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September 03 2012

Three Ways To Adjust Your Exhibitors' Expectations

By David McMillin, Staff Writer

At last week's PCMA Exhibit Managers Think Tank, Gregg Talley, FASAE, CAE, President & CEO, Talley Management Group, and a diverse group of show organizers aimed to answer a question that's challenging the entire industry: how do we continue to attract exhibitors when overall attendance is down?

There's no simple solution. However, the Think Tank uncovered one key piece of the puzzle. Selling your booth space starts with selling exhibitors on the new reality of trade show expectations. Here are three ways you can continue to demonstrate your show's value in the new era of exhibiting.

1) Sales Success Doesn't Happen Overnight

It's important to educate your exhibitors on the fact that they may not see an immediate translation from leads to purchase orders. However, that shouldn't downgrade the importance of reserving a booth to showcase products and make connections.

"The show floor is about building relationships," one attendee said. "It's about being able to see, touch and experience the products, so that you can return with an understanding of what you should buy."

While your exhibitors recognize the value of networking, be sure to promote your show as a place where they can build brand awareness and make contacts. Those contacts will eventually lead to a return on their investment, but patience is key.

2) Be a Seller and a Teacher

Throughout the morning discussion, Think Tank participants focused on the continuing shift from Exhibit Hall to Educational Space. Many attendees are on-site to enroll in educational sessions and earn CEUs. Your exhibitors have a unique opportunity to help contribute to that knowledge bank.

As you communicate the value of exhibiting at your show, it's important to show exhibitors that their presence and active participation is crucial to help potential customers understand how to use their product and why it's vital to their organization.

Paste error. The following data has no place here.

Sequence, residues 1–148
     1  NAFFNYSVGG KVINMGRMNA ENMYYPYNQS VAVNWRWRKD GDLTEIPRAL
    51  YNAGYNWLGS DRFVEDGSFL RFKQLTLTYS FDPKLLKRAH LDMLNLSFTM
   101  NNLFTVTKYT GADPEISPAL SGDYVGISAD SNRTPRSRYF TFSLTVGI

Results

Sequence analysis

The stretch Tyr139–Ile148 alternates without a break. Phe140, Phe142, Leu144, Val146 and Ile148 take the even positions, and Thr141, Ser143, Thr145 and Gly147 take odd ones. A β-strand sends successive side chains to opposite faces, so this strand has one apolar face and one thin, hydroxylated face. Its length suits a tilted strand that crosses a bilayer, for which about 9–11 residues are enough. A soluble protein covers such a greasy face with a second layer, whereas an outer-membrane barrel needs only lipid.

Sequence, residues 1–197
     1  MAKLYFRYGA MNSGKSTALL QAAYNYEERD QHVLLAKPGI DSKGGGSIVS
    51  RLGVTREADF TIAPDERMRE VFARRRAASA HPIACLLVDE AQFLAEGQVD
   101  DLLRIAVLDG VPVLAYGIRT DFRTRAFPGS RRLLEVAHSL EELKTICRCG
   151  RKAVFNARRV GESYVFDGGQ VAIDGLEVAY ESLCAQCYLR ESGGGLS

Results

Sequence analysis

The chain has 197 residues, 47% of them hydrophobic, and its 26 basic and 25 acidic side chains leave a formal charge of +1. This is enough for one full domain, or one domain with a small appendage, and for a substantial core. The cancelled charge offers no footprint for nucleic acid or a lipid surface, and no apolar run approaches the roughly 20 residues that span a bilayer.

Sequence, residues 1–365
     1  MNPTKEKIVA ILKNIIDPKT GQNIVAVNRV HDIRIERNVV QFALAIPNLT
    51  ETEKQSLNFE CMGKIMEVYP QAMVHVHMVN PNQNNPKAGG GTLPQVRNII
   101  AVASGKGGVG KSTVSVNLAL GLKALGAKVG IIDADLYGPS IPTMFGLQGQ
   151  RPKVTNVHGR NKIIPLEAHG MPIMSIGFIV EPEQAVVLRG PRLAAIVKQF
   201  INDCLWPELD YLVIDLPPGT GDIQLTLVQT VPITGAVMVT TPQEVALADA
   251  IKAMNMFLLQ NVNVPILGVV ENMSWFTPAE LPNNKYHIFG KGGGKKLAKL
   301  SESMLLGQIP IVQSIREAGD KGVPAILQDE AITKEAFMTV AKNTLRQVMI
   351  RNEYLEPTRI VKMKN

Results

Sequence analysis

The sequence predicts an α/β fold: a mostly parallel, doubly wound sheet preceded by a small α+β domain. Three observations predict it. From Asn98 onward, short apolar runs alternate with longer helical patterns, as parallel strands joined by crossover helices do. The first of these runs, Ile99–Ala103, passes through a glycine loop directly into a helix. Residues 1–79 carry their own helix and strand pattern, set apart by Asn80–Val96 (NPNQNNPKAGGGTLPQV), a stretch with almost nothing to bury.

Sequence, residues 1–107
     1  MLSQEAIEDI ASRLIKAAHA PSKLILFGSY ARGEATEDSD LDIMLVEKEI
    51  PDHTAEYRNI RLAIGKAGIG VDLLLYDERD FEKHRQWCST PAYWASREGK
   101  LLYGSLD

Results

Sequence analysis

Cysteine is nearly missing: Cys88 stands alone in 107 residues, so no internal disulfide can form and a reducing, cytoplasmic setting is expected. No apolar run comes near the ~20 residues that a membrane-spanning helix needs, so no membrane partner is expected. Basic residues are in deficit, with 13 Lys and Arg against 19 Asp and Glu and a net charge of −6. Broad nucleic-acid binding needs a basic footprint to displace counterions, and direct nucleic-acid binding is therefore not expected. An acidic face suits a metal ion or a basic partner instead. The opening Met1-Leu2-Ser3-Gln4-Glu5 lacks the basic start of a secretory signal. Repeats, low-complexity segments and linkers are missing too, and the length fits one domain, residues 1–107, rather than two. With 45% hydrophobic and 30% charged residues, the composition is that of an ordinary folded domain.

3) Size is Overrated

While you may not be able to advertise that your show will attract 5,000 attendees, show your exhibitors that the attendees that will be there are the buyer prospects they're hoping to reach. It's the age-old quantity vs. quality debate, and it's an essential piece of attracting exhibitors in today's trade show climate.

"Even if you have fewer attendees, do your research to understand who they are and what their buying power is," Talley said.

Consider conducting surveys of your attendees to better understand their influence in the purchasing process at their organizations. With concrete numbers, you'll be able to show your exhibitors that they'll be having conversations that truly matter with the decision makers and/or influencers that can pull the trigger on buying new products and services.

Make Them Marketers

In addition to adjusting the expectations of your exhibitors, you may also need to politely tell them to adjust their marketing methods.

"No one can have the 'if you build it, they will come' mentality," one participant said.

Being there with a staffed booth simply isn't enough. Think Tank participants discussed the need to educate exhibitors on the importance of using new technology to engage attendees before they ever set foot on-site.

While the evolving rules of exhibiting continue to impact meetings, all participants agreed that if exhibitors are willing invest in an effective marketing campaign, they can take a big step toward increasing traffic, increasing ROI and ultimately, shattering those new expectations.

Be sure to check back next week for continuing coverage on how to design an experience that creates more opportunities for your exhibitors.

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